Thanks for that, Doug. We agree that the voter should be informed of the number of the district that a candidate is seeking, we just don't think the remedy should be the judicial death penalty. We believe the Supreme Court today will also see it that way.
UPDATE--The Supreme Court Tuesday afternoon ruled that all the candidates challenged for leaving the number of their districts off their nominating petitions will be allowed on the ballot. The judges said the law was ambiguous.
BY THE NUMBERS
ABQ Dem congressional candidate Michelle Lujan Grisham will do an early release today of her 1st quarter fund-raising. Here's what she will report:
About $344,000 cash on hand and about $205,000 raised for the quarter. A campaign supporter points out that Lujan Grisham is very close to the amount that Heinrich had on hand after the first quarter in 2008 ($342,422) and raised ($200,782.) Heinrich beat Lujan Grisham and Rebecca Vigil-Giron for the 2008 Dem congressional nod.
With $344,000 in the bank, Lujan-Grisham is going to be able to finance a decent TV campaign. Still to report their numbers which are due Sunday at midnight to the FEC are hopefuls Marty Chavez and Eric Griego.
We had an advance look at the first quarter fund-raising numbers for Dem US Senate candidate Martin Heinrich a week or so ago, now the official totals the official totals are in:
Heinrich raised $490,000 in the first quarter and had $1.6 million in cash on hand as of the end of March...This is the last quarterly report before Heinrich and State Auditor Hector Balderas face off in the June 5 Democratic primary, which Heinrich is favored to win. Balderas has yet to announce his quarterly numbers, which are due to be postmarked to the Federal Election Commission by midnight on Sunday.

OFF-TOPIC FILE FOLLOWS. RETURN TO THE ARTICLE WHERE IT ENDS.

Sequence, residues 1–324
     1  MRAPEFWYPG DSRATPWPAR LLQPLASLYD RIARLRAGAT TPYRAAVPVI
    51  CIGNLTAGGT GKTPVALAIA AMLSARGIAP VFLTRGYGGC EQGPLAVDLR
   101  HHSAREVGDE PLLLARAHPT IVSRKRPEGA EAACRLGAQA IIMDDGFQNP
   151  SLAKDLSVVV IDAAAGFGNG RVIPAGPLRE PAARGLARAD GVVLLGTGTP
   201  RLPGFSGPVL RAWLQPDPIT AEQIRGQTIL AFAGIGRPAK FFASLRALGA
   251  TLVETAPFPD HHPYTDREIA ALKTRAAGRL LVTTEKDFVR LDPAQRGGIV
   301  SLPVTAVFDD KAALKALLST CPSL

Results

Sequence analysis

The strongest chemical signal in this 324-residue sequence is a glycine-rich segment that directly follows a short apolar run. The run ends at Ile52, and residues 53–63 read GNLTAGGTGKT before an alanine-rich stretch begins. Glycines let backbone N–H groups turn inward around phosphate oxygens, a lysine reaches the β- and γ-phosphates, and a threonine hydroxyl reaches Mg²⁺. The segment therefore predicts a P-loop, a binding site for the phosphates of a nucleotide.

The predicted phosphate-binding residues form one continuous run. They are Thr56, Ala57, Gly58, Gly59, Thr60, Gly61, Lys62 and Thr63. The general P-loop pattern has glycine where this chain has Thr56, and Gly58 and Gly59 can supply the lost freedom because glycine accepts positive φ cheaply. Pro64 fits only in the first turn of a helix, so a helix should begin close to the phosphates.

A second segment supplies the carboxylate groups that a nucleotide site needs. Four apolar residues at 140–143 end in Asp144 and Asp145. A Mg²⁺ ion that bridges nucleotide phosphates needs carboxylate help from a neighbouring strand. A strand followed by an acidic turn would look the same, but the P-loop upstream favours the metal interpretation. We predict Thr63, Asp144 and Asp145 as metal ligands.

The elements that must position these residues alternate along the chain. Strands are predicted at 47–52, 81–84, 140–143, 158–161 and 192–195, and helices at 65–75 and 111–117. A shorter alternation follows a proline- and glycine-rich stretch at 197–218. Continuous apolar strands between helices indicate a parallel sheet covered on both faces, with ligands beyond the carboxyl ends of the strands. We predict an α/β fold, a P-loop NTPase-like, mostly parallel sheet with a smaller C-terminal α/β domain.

If Hector doesn't report more than a million bucks in cash on hand, his best bet is for a TV buy that mildly contrasts him with Heinrich, but doesn't hit too hard. That way he positions himself for the upset, but doesn't anger the Heinrich base which he will need in the general. As for Heinrich, this Dem nomination is his to lose. He needs early TV that raises his stature, assures New Mexicans he is qualified for the Senate and will be a doer, not a back bencher.
SUSANA AND JAY
Susana is the Governor and Jay McCleskey is her chief political adviser and runs her Susana PAC, although on some days critics say the titles are reversible. The news with a Santa Fe dateline:
Gov. Susana Martinez's political action committee has raised about $335,000 in the past six months. The governor's political organization called Susana PAC released a fundraising summary on Monday showing it had cash-on-hand of about $295,000 last week. The PAC spent nearly $342,000 from early October through April 2.
And that's not all. There's the Guv's separate campaign fund for her 2014 re-elect:
Martinez's gubernatorial campaign committee reported a cash balance of nearly $467,000 last week. Martinez is not up for re-election until 2014, but her campaign committee has raised nearly $232,000 since last October.
Just a reminder--none of the contributors to these funds influences public policy in any way. Really. No impact at all. I mean, Big Bill told us that, didn't he?
THE BOTTOM LINES